How You Can Create a Retina-Compatible Favicon: The Basics
2014.08.15 by Madeleine Maier
Often simple, sometimes a small work of art made from pixels, often arduous and sometimes, unfortunately, simply neglected: the favicon.
Favicon is a word coined from the words “favorite” and “icon”. It refers to the small pictures, which accompany a website in the address bar, the browser tabs, and other areas within the browser and the operating system.
As you guys may have already noticed, we recently changed our favicon. The small white mascot, a relic from the early days of smooster, has given way to a simple ‘S.'
In creating our new favicon, I researched some data and tools, which I would like to share with you guys in this article. Here we go!
Favicons of different sizes serve different purposes. Here are the two main sizes:
16px x 16px - is used in the address bar and the tabs of popular browsers (Safari, Internet Explorer, Chrome, etc.)
32px x 32px - Screens with high resolution (e.g. Retina) use this size
If you want to play it safe, you can also include these two sizes and thus cover more areas:
24px x 24px - pinned pages in IE9
64px x 64px - Safari reading list (retina) and Windows site icons
Transparency and details - How to create your favicon
If you take a look at the favicons of various sites, you will notice that it is often the logo of the brand. Due to the small size of often just 16x16 pixels, it is advisable to simplify complex logos or break down pure wordmarks into fewer colors and letters with high brand recognition. Here are examples of popular websites:
In our case, I first created the ‘S’ as a PNG file with a transparent background in very high resolution and then adjusted it for the smaller versions. For this, I used the X-Icon Editor tool, which also took over the size adjustments for me:
Since it is a very simple icon in this case, it was possible to do that without too much quality loss. For a more complex logo, it is advisable to make improvements with photo-editing software like Photoshop or Pixelmator. In this phase, transparency and a pixel-perfect work are required to achieve a clear-cut result.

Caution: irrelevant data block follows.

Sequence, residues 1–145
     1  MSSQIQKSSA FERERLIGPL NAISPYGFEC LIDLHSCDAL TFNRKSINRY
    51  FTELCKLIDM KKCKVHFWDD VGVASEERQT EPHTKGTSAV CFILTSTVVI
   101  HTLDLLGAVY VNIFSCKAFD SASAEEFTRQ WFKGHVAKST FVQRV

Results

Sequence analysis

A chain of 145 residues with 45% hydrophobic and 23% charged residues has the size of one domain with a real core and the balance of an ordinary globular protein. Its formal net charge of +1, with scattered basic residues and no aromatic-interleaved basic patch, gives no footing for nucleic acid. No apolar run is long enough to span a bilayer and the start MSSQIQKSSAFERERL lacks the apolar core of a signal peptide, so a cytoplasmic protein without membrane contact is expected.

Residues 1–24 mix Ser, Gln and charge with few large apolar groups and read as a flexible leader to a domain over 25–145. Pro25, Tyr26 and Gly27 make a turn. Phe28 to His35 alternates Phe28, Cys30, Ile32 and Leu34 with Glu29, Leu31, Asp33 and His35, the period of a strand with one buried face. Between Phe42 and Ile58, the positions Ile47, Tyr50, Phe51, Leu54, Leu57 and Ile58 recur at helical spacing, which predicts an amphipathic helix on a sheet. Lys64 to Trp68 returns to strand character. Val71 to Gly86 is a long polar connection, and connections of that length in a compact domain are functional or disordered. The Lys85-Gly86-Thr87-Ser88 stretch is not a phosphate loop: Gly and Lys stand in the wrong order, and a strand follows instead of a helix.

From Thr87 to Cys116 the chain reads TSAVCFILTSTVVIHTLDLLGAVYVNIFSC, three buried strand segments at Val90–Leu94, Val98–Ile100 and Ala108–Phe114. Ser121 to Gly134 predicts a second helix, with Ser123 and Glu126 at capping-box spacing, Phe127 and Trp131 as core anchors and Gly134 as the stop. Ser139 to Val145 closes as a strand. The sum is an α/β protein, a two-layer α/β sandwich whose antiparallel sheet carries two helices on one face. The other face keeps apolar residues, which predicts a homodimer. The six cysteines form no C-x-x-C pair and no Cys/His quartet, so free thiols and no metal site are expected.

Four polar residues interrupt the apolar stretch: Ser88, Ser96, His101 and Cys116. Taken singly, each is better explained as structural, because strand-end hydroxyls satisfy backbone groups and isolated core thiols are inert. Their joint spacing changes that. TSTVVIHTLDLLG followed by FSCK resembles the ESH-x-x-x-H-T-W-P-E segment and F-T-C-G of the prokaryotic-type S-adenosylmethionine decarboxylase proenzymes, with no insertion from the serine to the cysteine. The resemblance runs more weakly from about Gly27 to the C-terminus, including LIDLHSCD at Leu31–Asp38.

Using the favicon of Google Drive as an example, you can very well appreciate how much effort goes into details of a favicon:
Almost done - Save and integrate
Although most browsers also accept PNG files, the most frequent and safest solution is saving your favicon using the ICO extension.
Since it isn’t a standard data format, you have various options:
ICO (Windows Icon) Format - With this Photoshop plugin from Telegraphics, you can save your finished favicon to ICO.
- In addition, tools like X-Icon Editor (free) or IcoFX (30-day trial version) make it possible for you to save your favicon in several sizes within one file.
I have used only X-Icon Editor and was very satisfied with it.
Since browsers or operating systems always access a single file bearing the title favicon.ico, it is important to save the different sizes as layers within the same ICO file.
Do you personally handle the code of your website? You can now store the finished icon in a folder of your choice. Finally, you still have to integrate the following code snippet into the header of your home page:
<link rel="shortcut icon" href="path-of-the-image/favicon.ico" />
If you engage smooster to implement your website, you can simply send us your favicon together with the graphic designs - we will then carry out the integration for you.
Favicons for Power users
A relatively new type of favicon uses the possibilities of modern browser technologies to expand the favicon using animations. In Gmail, for instance, there is a function to display the number of unread emails directly within the favicon.
Github also uses a similar animation and offers the code (favico.js) for it, which is freely accessible here. Unfortunately, all browsers do not yet support these advanced favicons.
Do you still have favicon tips or tools, with which you have had good experiences? Tell me about them in the comments.